With the exception of sociology and secondary education, the subjects to be cut were once well-worth studying. However, the woke, progressive faculty have ruined them by turning them into boring Maoist re-education sessions. If you doubt it, check out this course offered by the once great Kenyon English Department. (Keep a barf bag handy.). Then imagine sitting through this garbage.
“How do you read gender? How do you read sexuality? How and in what ways have gender and sexuality been written and rewritten? This course serves as an introduction to queer and transfeminist theories and practices in gender and sexuality studies. Conceptualized through its intersections with race, ethnicity, coloniality, class, and ability, the sex/gender system of oppression has long served as a taxonomizing apparatus. And yet, the literary, in league with anticolonial, civil rights, and LGBTQ social movements, not only sheds sharp light on how gender and sexuality are regulated and troubled, but also animates the liberatory potential of imagining embodied relations otherwise. At once world-building and world-shattering, representations of gender and sexuality can leverage critiques against normativity in the same gesture as they bow to reproducing it. Taking our transnational cue from subjugated knowledges and intersectional epistemologies, we’ll constellate the diverging genealogies and methodologies that have shaped the politics and aesthetics as well as the ethics and affects (sic) of gender and sexuality. Against the traffic of binary opposition, we’ll index the possibilities of intimacy and performativity that determine desiring subjects and their objects. As a class collective, our aim will be to read and reread as well as write and rewrite texts that interrogate and complicate how gender and sexuality, as contested sites of pleasure and pain, are embodied and experienced. The geographic and generic focus of this course may vary; for more information, students should contact the instructor. This counts toward the methods requirement for the major and an elective for the women’s and gender studies major. Open only to first-year and sophomore students. Prerequisite: ENGL 103 or 104.”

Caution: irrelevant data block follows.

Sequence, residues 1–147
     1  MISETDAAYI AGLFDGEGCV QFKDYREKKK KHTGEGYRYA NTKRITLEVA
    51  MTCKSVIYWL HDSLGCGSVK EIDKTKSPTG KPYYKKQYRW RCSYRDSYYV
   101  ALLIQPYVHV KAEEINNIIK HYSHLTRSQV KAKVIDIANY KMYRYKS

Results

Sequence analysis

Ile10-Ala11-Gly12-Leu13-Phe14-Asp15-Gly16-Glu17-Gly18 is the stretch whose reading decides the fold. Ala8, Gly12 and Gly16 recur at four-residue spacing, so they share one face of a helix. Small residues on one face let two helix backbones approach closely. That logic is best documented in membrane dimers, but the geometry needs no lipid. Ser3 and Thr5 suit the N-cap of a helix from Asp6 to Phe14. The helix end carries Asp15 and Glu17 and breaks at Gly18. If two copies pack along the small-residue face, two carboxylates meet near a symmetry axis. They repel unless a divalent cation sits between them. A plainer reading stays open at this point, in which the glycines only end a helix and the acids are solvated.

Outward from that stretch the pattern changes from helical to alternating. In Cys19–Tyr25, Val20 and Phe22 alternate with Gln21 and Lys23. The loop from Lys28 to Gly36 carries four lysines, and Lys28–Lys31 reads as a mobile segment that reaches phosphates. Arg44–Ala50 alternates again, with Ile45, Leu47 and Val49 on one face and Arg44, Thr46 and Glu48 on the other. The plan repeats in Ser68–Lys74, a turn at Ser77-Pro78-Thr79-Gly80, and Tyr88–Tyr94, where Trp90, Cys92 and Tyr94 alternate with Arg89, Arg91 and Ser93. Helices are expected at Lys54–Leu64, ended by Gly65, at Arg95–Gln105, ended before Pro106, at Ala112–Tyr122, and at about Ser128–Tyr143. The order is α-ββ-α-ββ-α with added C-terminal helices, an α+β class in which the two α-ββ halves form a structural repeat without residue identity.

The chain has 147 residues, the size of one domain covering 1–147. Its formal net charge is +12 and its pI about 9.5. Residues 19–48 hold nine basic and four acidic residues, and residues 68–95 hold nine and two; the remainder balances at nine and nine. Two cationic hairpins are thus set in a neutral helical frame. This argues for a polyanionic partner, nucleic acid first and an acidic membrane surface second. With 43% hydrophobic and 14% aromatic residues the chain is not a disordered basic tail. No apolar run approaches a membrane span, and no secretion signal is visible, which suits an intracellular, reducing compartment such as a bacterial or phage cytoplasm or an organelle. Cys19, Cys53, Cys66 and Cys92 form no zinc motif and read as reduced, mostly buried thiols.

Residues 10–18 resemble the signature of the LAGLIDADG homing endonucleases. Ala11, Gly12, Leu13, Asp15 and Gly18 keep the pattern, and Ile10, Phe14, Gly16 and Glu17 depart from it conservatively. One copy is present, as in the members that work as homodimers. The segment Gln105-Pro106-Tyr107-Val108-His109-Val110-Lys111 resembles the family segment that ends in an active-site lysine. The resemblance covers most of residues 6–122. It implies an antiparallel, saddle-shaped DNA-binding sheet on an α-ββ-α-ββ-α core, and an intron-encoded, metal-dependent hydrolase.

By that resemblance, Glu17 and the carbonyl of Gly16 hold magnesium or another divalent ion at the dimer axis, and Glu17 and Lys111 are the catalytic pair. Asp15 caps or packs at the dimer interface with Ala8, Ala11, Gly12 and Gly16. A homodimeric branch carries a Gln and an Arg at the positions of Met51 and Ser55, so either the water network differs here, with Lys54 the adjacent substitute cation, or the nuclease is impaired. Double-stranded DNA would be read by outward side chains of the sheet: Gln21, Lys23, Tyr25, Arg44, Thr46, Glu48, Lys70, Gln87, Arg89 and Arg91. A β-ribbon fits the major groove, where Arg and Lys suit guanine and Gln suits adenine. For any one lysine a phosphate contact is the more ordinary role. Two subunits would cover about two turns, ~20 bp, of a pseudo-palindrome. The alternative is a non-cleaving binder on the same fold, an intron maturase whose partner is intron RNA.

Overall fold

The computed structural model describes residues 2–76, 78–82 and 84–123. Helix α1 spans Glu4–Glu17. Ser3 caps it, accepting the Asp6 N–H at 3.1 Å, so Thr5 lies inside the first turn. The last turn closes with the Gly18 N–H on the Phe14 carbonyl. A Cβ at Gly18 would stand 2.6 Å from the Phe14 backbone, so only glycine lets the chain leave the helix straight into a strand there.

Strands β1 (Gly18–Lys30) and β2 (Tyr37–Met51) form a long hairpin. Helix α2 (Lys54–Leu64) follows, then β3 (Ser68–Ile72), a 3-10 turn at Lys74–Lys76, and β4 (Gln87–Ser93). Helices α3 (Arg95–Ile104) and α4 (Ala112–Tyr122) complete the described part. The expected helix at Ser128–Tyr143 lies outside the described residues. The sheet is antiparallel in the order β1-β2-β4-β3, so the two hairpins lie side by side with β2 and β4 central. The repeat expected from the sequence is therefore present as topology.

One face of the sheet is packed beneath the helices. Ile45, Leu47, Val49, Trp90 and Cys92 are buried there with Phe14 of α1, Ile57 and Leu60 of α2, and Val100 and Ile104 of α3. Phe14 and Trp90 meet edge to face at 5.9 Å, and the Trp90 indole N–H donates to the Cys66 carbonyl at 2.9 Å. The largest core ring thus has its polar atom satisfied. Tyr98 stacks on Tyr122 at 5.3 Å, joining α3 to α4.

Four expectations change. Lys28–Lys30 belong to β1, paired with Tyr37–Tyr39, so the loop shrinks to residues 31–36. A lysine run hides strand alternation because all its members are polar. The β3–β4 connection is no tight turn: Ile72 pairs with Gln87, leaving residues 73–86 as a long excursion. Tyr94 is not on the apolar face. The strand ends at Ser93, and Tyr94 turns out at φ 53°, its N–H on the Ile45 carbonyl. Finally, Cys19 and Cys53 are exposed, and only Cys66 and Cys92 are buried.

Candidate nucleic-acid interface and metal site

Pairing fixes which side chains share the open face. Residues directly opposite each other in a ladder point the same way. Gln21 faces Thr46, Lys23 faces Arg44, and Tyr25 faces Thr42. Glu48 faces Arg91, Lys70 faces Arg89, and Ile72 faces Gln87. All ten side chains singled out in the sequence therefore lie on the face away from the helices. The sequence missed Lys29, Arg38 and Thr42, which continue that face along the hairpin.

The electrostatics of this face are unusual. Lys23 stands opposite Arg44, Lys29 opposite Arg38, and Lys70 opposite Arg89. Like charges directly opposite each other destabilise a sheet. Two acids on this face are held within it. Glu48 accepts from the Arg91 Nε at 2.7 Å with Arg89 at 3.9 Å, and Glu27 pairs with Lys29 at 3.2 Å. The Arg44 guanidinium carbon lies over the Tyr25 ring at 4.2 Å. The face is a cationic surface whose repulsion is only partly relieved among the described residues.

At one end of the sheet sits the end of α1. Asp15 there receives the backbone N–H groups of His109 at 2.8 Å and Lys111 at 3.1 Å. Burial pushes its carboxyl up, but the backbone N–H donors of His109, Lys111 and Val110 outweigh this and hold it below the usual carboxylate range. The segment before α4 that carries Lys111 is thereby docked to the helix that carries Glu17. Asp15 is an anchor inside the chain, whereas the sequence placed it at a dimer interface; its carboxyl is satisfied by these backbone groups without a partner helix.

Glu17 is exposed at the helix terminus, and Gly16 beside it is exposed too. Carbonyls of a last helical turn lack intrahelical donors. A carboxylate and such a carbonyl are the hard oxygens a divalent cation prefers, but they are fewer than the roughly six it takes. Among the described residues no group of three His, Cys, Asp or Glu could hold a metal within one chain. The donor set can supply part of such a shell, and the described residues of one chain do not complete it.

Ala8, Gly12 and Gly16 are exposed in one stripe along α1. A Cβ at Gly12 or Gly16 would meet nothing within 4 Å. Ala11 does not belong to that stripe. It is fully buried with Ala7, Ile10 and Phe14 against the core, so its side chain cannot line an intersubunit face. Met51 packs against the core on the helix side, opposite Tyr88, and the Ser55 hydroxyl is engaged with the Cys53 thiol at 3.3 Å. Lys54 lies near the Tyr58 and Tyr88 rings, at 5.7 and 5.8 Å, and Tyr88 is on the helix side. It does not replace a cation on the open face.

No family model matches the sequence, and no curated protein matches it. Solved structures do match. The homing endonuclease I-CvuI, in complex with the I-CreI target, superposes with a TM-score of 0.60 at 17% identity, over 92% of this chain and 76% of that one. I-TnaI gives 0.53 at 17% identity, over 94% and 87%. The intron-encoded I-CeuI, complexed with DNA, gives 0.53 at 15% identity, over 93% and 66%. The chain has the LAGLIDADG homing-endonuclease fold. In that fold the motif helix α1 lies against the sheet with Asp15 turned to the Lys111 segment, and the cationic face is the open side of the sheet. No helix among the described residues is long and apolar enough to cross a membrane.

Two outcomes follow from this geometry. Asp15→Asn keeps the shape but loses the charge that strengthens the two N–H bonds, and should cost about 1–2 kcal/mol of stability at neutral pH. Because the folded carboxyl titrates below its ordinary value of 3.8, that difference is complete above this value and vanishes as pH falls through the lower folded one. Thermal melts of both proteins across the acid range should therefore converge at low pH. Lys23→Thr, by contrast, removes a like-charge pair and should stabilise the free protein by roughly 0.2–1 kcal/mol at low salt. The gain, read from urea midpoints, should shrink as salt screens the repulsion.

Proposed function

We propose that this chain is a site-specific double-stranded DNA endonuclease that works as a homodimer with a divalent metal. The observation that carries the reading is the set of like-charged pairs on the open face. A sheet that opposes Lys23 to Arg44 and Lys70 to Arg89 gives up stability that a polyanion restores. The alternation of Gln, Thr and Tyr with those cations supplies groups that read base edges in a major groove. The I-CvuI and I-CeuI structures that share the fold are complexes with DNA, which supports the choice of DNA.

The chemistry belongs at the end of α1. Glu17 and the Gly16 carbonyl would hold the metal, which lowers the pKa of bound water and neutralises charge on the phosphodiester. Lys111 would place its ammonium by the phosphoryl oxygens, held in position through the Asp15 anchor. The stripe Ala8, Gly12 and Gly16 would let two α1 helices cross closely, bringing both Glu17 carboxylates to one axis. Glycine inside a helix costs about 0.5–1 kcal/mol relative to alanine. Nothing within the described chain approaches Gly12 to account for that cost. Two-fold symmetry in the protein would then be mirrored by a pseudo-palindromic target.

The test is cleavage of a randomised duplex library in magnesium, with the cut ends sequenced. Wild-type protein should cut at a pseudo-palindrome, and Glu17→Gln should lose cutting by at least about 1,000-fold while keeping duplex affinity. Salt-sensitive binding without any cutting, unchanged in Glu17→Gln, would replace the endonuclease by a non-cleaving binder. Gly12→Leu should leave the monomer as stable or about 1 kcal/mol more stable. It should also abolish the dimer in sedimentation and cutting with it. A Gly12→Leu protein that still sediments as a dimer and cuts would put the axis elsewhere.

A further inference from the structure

I think that description clarifies why they want to eliminate English. Imagine if they had to actually explain what that drivel means in plain English.
We could get Sir Humphrey to explain it.
https://www.youtube.com/watch?v=dIto5mwDLxo&t=3s start at 50 sec mark
Well, for $80,000 a year — second most expensive college in the United States — they can’t exactly call the class “How To Write Gay Porn For Elementary School Students,” can they? That’ll have to wait for 5 or 10 years. Meantime, more prestige. LOL
Kenyon tried hard to make it difficult to find more information about that class, but I am an intrepid retired old-school journalist who, when he plied that trade, regarded information as my absolute right. Anyone who tried to withhold it learned how doggedly successful I could be in getting it. Anyway, with that bit of ego …
ENGL 214 Gender Benders: The (de)Construction of Gender in North American Literature. Believe it or not, the prior description was more (cough) straightforward than the one that Henry P found. Ha! See how clear it was?
ENGL 214 CREDITS: 0.5
In the planetary analogy through which pop psychologists have articulated gender difference, men are from Mars and women from Venus. Presumably, this suggests an irreducible difference that always separates males and females. Critical gender, feminist and queer theorizations have, however, enabled us to look beyond such simplistic binaries. How can fiction reenvision categories of sexual difference? What newer figurations of gender, sexuality and the seeming immutability of such signifiers do writers play with and complicate? In this course, we will examine some of these gendered imaginings and pay particular attention to the fluidity of gender boundaries, in-betweenness, third space and exclusion by exploring global fiction. In so doing, we will look beyond the heterosexual and heteronormative to identify multiple axes of desire, identity and identification. This counts toward the post-1900 or approaches to literary study requirement for the major. Open only to first-year and sophomore students. Prerequisite: ENGL 103 or 104. Offered every two years.